It's no secret that the UAE is one of the driest countries in the world, yet per capita, it still uses significantly more water than the global average. According to a 2014 report entitled Achieving a Sustainable Water Sector in the GCC, compiled by Strategy&, part of the PricewaterhouseCoopers network: "Saudi Arabia and the UAE consume between 10 and 39 times the amount of renewable water available to them, depleting their aquifers at much faster rates than they can be replenished by rainfall."
This unquenchable demand for water is only going to increase as more projects, residents and tourists arrive in the UAE. It’s predicted that the demand for water will increase by 44 per cent by 2025, according to the United Nations Environment Programme, leading to fears that groundwater supplies could be depleted within the next 40 to 50 years.
Read more: Artificial grass options to consider
For the UAE to reduce water wastage, it has to, quite simply, reduce water usage. Among other recommendations, the Strategy& report suggests “a focus on irrigation efficiency by promoting xeriscaping, which uses minimal amounts of irrigation for gardening and landscaping; and the use of ‘grey water’ recycling for non-potable purposes (such as greenery and fountains)”. Another way to make our green spaces more sustainable is the increased use of artificial turf in private and public spaces, notes Ben Bloomfield, the director of Easigrass, a Dubai-based supplier of artificial grass that has installed its products in iconic projects such as Madinat Jumeirah and Wild Wadi.
This isn’t a new concept; the State of California, for example, actively encourages the use of artificial grass to reduce water consumption by offering subsidies to those who have it installed, Bloomfield notes.
While there will always be those who favour the real thing, the Easigrass team has seen a noticeable attitude shift towards artificial grass in the past year or so. “2015 seemed to be the point at which the tide turned in terms of people’s perceptions,” says Bloomfield. “Artificial grass is so advanced now that some of the high-end products really do resemble natural grass, so in this case, the grass does the talking more and more.”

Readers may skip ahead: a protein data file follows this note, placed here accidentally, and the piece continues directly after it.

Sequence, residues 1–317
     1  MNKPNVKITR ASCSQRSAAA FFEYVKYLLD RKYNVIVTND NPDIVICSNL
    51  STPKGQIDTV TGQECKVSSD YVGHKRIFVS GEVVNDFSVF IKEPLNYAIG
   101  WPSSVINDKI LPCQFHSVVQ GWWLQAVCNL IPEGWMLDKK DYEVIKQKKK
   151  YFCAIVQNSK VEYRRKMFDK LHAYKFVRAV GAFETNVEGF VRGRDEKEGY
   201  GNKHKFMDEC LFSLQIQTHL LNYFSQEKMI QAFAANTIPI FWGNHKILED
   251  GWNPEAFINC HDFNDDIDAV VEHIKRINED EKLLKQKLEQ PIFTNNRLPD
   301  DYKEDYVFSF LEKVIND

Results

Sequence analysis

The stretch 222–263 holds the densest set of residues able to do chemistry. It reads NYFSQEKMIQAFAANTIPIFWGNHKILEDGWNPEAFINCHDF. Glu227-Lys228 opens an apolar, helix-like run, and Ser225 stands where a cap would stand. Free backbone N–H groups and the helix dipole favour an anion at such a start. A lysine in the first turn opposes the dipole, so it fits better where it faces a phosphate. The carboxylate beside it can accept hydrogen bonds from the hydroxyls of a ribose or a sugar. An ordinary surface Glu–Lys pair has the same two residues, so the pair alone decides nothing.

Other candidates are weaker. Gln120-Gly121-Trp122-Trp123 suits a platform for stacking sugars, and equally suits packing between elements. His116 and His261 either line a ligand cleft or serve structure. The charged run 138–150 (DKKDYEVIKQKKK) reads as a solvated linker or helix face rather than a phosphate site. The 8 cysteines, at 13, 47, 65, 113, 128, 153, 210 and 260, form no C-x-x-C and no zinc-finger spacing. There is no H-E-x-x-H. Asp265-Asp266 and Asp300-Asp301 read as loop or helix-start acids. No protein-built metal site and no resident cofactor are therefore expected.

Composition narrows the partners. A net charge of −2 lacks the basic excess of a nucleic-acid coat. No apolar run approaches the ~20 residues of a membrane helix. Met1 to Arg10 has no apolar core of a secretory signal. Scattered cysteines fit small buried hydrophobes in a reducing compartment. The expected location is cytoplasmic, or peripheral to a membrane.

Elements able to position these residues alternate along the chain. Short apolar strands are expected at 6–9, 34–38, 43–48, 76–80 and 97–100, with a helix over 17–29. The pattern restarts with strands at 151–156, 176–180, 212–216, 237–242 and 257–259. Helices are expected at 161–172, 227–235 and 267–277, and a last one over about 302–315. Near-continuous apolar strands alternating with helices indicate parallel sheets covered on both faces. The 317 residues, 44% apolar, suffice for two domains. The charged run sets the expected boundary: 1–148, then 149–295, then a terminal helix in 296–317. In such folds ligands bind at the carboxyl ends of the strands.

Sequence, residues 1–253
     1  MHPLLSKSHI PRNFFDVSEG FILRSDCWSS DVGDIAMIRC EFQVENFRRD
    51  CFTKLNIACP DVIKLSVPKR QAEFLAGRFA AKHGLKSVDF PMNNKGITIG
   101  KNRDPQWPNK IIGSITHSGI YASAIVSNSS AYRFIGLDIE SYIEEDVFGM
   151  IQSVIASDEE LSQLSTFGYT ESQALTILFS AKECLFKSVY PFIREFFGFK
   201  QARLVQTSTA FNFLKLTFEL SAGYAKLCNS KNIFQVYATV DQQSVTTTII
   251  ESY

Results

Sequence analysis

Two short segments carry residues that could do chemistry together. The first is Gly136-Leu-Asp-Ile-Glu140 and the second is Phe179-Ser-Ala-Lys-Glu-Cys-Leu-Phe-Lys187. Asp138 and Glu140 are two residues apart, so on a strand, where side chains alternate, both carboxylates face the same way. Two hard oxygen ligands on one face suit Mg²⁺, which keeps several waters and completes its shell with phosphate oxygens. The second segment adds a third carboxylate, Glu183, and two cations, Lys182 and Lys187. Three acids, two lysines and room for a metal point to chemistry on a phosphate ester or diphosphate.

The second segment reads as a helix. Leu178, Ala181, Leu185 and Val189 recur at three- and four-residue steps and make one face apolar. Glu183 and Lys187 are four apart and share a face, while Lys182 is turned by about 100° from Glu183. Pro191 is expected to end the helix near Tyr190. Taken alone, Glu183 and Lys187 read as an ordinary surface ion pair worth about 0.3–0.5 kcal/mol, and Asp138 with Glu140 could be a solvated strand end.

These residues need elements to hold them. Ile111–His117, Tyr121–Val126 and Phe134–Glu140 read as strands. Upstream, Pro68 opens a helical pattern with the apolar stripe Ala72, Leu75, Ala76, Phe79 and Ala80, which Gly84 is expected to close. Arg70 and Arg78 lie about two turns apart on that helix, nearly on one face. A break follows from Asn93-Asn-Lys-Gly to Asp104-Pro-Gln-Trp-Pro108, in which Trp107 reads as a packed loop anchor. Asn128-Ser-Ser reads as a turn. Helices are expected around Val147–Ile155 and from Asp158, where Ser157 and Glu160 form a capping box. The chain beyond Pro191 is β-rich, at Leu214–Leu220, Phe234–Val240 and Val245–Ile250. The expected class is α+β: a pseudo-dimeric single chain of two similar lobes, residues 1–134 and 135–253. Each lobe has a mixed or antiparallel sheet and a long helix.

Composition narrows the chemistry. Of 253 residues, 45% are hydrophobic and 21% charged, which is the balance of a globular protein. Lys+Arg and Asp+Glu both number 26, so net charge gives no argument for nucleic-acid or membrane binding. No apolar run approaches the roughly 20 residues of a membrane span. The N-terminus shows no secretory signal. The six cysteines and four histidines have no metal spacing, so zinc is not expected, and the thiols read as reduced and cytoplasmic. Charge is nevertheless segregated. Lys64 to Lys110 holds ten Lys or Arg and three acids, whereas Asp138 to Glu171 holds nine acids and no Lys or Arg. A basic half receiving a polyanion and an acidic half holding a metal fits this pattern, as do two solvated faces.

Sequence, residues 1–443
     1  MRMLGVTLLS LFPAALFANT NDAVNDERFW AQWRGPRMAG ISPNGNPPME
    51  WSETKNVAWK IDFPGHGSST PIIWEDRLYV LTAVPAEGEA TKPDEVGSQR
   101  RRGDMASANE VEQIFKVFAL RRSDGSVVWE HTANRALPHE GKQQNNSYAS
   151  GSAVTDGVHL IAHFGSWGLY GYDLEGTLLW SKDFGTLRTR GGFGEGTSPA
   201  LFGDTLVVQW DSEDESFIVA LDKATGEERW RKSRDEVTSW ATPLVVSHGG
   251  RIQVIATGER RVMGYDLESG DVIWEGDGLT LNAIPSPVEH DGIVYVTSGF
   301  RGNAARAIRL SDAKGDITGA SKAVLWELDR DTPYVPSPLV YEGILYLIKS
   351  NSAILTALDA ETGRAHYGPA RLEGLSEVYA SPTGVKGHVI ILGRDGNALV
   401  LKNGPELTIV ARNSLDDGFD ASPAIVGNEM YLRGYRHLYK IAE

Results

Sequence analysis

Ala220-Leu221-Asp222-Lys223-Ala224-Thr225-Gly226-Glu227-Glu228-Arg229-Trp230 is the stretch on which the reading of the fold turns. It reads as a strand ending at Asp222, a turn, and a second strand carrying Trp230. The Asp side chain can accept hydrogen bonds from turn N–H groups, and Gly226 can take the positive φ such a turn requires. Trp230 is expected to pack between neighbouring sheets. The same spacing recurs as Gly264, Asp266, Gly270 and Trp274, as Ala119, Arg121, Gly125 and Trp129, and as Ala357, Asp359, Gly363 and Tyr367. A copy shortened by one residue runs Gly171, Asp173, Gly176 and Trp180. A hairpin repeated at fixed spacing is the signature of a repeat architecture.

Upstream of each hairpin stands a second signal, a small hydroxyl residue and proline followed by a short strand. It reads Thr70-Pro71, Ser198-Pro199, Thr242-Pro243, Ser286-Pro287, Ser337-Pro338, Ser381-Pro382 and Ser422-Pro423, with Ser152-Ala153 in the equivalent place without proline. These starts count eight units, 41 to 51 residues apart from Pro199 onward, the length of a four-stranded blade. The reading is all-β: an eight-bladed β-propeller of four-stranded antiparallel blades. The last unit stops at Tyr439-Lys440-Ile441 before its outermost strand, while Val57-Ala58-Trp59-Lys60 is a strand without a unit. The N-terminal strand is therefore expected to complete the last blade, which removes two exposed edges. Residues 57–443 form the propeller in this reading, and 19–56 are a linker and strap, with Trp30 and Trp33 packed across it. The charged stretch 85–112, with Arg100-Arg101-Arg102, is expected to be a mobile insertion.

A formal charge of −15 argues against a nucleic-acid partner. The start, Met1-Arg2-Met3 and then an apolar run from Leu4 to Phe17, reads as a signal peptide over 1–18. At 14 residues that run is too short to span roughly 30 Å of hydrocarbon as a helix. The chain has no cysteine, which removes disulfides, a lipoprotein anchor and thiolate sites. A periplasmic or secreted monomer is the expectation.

Dhilip Kumar, the chief executive of Platinum SDI, a leading sustainable-development consultancy firm with several years’ experience in the region, makes a point of recommending artificial grass to his clients. “If our clients insist on using natural grass, we always advise them to use a native or adapted species that requires less water,” he explains. “If they do not insist on natural grass, then we will always advise them to use artificial grass, as Pearl and Green building regulations also mandate a significant reduction in annual landscape irrigation demand on every project.”
One of Dubai’s most innovative landscape-architecture practices, Desert Ink, was an early adopter of artificial grass, and has specified it in many recent projects, which include the Midtown by Deyaar residential complex in Dubai’s International Media Production Zone and a five-star hotel on The Palm, Jumeirah. Will Bennett, a landscape architect at Desert Ink, says that “despite being a proponent for all things natural in the softscape, we actually prefer to use artificial turf in many of our commercial projects for three main reasons: it provides a permanent ‘green’ surface all year round; environmentally speaking, it has far less effect on our water resources than real grass; and when we studied the numbers we found that it cost much less than irrigating real lawn, saving our clients’ money.
“Artificial turf, in this part of the world, is a better option than real turf in most scenarios. Its hard-wearing nature makes it ideal for intensively used areas such as playgrounds and sports pitches. It gives us great versatility to design with, because we are much less restricted by the maintenance requirements, compared with natural turf. For us, it adds value to our designs, and can bring the ‘wow’ factor that our clients expect from us.”